Tuesday, January 12, 2010

Harper paying a price for shutting down Parliament

Stephen Harper has been widely thrashed for shutting down Parliament. Here's why you should be mad too.

Prorogation, it's called. MPs were scheduled to be sitting now. There were 36 bills, including crime bills the Conservatives had said were essential for public safety, waiting to be passed. They're dead now and will have to start their path through Parliament and the Senate at square one.

MPs had questions about the Afghan detainee issue, the economy and jobs, deficits, climate change, airport security. Those are all silenced.

It's convenient to get rid of elected oversight if you're the head of the party in power.

It's also undemocratic.

Harper didn't defend the decision when it was announced. His communications manager said the Conservatives wanted time think about the economy and watch the Olympics. They apparently could not do those things while doing their main job. (That's kind of disappointing, since MPs just got a raise taking their base pay to $158,000.)

Anyway, it's common practice, say the Conservatives. Which is not really true, as we'll say.

Some of the sharpest criticism came from The Economist, a London-based global newsmagazine for smart people. Its editorial position has much in common with Harper's platform - support for free markets, globalization and private enterprise. (Though it is also socially progressive, seeing no conflict between the two positions.)

An editorial in the weekly suggested Harper must think his cabinet ministers too dim to cope with the business of Parliament and watching the Olympics.

And it rejected the claim that past prime ministers had frequently done the same thing. "In almost every case, they did so only once the government had got through the bulk of its legislative business," the editorial noted. Past prorogations were brief; this time Parliament will be shut down for more than two months.

The shutdown shields the government from democratic scrutiny and looks like "naked self-interest," The Economist wrote. Canadians might soon decide their government is not in good hands, the editorial concluded.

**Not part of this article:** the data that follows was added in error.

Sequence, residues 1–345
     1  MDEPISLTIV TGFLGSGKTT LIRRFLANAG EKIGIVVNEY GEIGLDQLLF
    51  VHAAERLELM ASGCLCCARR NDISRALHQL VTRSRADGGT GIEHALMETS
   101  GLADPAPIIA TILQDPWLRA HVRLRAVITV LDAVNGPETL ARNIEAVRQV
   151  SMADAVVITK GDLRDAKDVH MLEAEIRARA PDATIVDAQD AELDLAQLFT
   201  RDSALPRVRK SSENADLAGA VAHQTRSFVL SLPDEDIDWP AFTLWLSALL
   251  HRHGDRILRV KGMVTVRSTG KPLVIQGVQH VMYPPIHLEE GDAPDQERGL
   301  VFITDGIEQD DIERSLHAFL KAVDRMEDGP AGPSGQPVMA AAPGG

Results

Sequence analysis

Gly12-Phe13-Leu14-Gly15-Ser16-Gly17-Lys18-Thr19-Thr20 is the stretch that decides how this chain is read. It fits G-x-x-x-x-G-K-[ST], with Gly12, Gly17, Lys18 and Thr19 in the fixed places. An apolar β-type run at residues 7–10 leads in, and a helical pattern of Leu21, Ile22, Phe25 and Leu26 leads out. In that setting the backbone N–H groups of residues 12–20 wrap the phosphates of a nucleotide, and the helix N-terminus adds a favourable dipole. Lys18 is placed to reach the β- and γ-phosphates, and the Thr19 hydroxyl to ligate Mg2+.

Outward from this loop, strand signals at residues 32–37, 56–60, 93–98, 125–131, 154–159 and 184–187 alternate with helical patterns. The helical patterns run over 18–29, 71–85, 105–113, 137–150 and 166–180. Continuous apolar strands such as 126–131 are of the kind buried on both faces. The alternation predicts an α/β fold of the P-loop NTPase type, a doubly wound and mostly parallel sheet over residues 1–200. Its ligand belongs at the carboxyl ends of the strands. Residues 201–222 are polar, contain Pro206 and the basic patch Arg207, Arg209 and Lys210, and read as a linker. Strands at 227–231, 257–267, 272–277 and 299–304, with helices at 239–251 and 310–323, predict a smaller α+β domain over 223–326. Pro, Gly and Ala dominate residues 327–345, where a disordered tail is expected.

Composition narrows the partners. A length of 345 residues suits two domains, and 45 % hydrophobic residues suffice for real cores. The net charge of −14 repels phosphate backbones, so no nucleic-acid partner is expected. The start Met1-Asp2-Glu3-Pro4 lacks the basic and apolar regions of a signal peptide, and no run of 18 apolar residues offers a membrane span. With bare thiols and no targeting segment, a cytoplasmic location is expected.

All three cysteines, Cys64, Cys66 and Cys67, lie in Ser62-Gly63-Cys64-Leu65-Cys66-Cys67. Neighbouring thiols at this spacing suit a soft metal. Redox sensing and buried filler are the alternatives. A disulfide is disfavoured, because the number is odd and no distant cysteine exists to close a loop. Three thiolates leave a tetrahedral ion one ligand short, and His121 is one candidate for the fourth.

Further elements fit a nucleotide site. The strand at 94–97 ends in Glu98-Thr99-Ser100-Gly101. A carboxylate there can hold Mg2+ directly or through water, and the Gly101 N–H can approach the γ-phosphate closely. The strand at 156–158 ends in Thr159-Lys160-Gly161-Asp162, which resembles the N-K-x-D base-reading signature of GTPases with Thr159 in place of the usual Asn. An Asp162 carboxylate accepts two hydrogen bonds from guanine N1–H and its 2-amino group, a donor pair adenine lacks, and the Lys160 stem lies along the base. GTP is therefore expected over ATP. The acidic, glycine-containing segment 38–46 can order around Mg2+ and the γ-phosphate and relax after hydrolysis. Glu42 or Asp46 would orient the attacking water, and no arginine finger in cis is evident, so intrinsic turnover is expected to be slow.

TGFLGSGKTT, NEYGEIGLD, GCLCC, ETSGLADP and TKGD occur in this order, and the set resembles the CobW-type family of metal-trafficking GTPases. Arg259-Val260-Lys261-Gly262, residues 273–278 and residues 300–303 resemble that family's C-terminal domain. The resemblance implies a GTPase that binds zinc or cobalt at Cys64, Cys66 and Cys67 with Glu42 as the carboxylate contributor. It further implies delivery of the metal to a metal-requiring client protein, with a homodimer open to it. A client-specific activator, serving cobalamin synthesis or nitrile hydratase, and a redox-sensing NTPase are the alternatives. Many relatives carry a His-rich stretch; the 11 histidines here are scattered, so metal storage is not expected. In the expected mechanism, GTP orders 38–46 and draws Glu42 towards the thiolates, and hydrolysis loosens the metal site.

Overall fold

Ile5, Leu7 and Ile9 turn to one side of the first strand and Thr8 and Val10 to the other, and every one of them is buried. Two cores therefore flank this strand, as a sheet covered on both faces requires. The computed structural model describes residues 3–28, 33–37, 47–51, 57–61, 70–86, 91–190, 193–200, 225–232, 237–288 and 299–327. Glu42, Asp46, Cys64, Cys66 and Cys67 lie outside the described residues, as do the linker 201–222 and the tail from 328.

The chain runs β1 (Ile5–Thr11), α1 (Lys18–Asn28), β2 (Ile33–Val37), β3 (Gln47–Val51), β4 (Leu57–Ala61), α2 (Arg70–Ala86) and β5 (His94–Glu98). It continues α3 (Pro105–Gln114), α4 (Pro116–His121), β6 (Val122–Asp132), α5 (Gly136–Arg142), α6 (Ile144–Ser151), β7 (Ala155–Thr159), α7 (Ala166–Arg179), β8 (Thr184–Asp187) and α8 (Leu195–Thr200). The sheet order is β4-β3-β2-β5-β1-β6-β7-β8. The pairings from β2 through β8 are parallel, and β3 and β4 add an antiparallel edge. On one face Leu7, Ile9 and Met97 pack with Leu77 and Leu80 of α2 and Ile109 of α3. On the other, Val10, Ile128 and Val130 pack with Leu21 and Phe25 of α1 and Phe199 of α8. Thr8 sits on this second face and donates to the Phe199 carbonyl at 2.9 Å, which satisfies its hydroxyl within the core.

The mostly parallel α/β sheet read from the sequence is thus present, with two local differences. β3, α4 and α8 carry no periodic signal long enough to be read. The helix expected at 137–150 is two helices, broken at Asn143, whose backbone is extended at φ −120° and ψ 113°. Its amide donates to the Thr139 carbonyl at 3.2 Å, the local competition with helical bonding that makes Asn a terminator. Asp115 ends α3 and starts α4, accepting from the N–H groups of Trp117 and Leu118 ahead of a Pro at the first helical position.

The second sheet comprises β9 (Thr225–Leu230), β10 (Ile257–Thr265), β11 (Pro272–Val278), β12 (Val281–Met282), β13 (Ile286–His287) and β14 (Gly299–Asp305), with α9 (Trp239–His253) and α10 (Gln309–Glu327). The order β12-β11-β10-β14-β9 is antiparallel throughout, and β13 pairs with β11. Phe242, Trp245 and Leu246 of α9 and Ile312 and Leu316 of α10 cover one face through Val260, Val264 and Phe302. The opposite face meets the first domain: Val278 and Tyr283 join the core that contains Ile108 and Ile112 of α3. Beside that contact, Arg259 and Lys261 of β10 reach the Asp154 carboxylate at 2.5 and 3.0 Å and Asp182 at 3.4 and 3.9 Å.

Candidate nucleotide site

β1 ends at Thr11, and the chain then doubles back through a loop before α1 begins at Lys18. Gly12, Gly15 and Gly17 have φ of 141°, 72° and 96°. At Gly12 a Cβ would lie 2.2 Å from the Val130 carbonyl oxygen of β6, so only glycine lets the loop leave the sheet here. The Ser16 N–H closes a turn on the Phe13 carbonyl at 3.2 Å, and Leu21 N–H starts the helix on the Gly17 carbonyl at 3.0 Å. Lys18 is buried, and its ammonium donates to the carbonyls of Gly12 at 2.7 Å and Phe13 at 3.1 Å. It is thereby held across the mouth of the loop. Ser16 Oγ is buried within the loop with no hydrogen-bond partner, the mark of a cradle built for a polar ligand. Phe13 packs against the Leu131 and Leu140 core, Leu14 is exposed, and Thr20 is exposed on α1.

A group of more than 150 Canadian academics with "expertise in the principles of democracy." also weighed in.

They noted our system rests on a responsible government overseen by an elected opposition.

Harper was undermining democracy for partisan gain, they wrote. If the Conservatives a break, they could have adjourned the session until a later date, the academics added. Parliamentary committees would have then kept working and the bills wouldn't have died.

So why not adjournment, if the government needed to "recalibrate"?

Despite the bluster and attack tactics, the Harper Conservatives were facing tough questions on the treatment of Afghan detainees. The issue was not the actions of Canadian troops, who were doing their job. The focus was on whether the government failed to take reasonable measures to ensure prisoners handed over to the Afghans weren't tortured. And, as critically, whether the government had been honest with Canadians.

And adjournment would not have triggered the appointment of five senators to fill vacant seats; that can only happen when Parliament is prorogued. Appointing five loyalists would mean Conservatives would outnumber Liberals in the Senate. (Though not hold a majority.)

That's on top of the questions about Canada's role in the Copenhagen climate talks, joblessness and the claim that the budget can be balanced without tax increases or deep spending cuts.

It might not have seemed much of a gamble for the Harper tacticians, who could have concluded Canadians don't pay much attention to Parliament and how democracy does - or doesn't - work.

But an Ekos Research poll found a majority of Canadians were aware of the decision to prorogue Parliament and 58 per cent were opposed. Opposition was strongest outside the prairie provinces; undecided voters also disapproved.

For the latter group, the action raises the kind of questions Harper should not have wanted in the forefront in what could be an election year.

For example, if the Conservatives don't accept democratic oversight now, what would they do with a majority?

Footnote: The decision looks much like a blunder. Liberal leader Michael Ignatieff, who was floundering badly, has seized the issue and, helped by the Conservatives' lame rationale for shutting down Parliament, captured some positive attention.


Ed Seedhouse said...

If the Governor General will prorogue parliament for a month for Harper's convenience, what's to stop a longer one, say a full year?

Since Harper thinks that parliament in session leads to economic instability, why not just govern without parliament? Wouldn't that lead to a more stable economy? Wouldn't that be "better" for Canada?

Canadians, who gave no party a majority for, presumably, a reason, should be profoundly insulted by Harper's suggestion that this parliament in session leads to "instability". That is a stunningly anti democratic belief which Canadians should not allow in a democratic system.

BC Mary said...

Apparently that dreadful man who tutored Stephen Harper in these dreadful ways, has also been shocked at the monster he has created.

Saw him (Tom Flanagan) last evening saying it was ridiculous.

Seems like these ex-Reformers have to drive the bus right into the side of the mountain before they know how to stop their wild ways.